Why does it exist?
When talking to Radice about the reasons for gay speak, he said, in a nature v. nurture conversation, most linguists agree that gay speak, and all speak, is more of a nurture matter. One of the explanations for why some men speak with gay speak is because, Radice said, some gay boys gravitate toward women and girls more. Thus, they slowly pick up traditionally feminine speaking patterns. This would explain why some (but not all) gay men have gay speak and why even some straight men speak like this.
Radice also said he believes various words and phrases specific to the gay community can be traced to the gay ballroom culture of 1980’s New York, especially Black gay men and Black drag queens. Essentially, as previously stated, a large portion of gay terms originate from AAVE. Soon enough, members within the ballroom culture started picking up on these AAVE words and phrases and started adapting them into their own forms of speaking. Almost like how you start to sound like your friend after spending a lot of time with them, members of the same communities often pick up similar speaking patterns.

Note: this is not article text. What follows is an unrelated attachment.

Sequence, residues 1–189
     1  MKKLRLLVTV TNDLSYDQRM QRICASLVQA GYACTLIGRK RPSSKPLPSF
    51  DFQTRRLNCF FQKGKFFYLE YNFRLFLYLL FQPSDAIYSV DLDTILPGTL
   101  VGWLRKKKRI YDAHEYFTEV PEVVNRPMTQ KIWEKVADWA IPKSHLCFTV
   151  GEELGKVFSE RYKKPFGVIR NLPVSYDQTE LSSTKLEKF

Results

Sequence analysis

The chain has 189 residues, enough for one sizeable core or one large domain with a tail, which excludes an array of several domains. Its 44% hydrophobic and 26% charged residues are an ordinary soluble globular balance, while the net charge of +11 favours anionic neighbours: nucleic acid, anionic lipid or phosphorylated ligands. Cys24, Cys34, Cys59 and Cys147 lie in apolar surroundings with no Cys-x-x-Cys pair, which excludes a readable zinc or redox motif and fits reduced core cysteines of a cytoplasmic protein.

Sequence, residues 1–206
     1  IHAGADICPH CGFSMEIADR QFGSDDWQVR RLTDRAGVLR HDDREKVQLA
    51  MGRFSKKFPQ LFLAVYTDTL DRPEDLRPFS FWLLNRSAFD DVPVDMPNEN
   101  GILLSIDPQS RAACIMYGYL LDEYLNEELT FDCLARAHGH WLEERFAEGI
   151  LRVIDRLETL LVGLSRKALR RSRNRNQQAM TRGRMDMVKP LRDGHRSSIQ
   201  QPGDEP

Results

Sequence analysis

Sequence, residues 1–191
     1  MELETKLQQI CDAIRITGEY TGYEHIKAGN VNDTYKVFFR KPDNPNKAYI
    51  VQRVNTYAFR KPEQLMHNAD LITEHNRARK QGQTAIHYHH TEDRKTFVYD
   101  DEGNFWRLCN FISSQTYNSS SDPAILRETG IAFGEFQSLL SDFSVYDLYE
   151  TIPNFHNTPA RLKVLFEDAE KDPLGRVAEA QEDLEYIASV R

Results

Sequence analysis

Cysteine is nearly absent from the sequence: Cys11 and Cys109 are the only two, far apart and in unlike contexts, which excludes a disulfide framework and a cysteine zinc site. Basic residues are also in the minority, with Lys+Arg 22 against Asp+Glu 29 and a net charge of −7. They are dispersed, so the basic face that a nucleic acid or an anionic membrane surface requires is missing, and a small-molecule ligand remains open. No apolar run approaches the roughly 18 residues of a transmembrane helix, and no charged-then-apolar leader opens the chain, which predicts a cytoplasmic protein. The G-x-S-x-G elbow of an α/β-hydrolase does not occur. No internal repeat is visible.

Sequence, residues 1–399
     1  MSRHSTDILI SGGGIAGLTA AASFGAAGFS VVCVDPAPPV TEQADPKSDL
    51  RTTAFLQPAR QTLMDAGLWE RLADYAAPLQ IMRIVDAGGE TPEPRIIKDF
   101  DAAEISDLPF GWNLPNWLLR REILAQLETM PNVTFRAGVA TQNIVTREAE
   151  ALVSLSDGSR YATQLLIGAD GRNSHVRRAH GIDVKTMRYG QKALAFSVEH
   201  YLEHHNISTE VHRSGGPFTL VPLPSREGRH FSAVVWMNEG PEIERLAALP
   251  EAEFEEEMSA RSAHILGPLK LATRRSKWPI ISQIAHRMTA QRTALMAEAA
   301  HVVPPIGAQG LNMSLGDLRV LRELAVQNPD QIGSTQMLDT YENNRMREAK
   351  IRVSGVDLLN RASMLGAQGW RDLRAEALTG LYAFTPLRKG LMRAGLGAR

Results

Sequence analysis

Another interesting thing I learned in my conversation with Radice was that a lot of gay speak developed as a way for queer people to avert discrimination. “Pronoun inversion,” in which some gay men refer to other men with she/her pronouns, is one example. From a historical aspect, if a gay man wanted to refer to their partner but wasn’t out or feared for his safety, he’d refer to them as she/her in public. In fact, Radice told me to look into the Polari dialect This dialect developed from the entertainment industry in the early 1900s (when homosexuality was still illegal in the U.K.) and was used as a secret form of communication between queer people in public. Although the secret dialect is now dead as it serves no purpose anymore, it's an interesting nugget of information which serves to prove how people will persevere despite the world being against them.
Gay speak today